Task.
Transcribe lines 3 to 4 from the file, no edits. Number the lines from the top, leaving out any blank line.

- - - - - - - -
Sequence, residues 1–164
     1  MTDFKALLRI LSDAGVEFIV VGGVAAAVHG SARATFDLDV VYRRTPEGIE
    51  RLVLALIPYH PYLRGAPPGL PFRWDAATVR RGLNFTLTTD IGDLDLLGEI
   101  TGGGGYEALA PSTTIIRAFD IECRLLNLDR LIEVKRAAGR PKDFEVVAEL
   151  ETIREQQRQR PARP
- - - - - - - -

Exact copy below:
    51  RLVLALIPYH PYLRGAPPGL PFRWDAATVR RGLNFTLTTD IGDLDLLGEI
   101  TGGGGYEALA PSTTIIRAFD IECRLLNLDR LIEVKRAAGR PKDFEVVAEL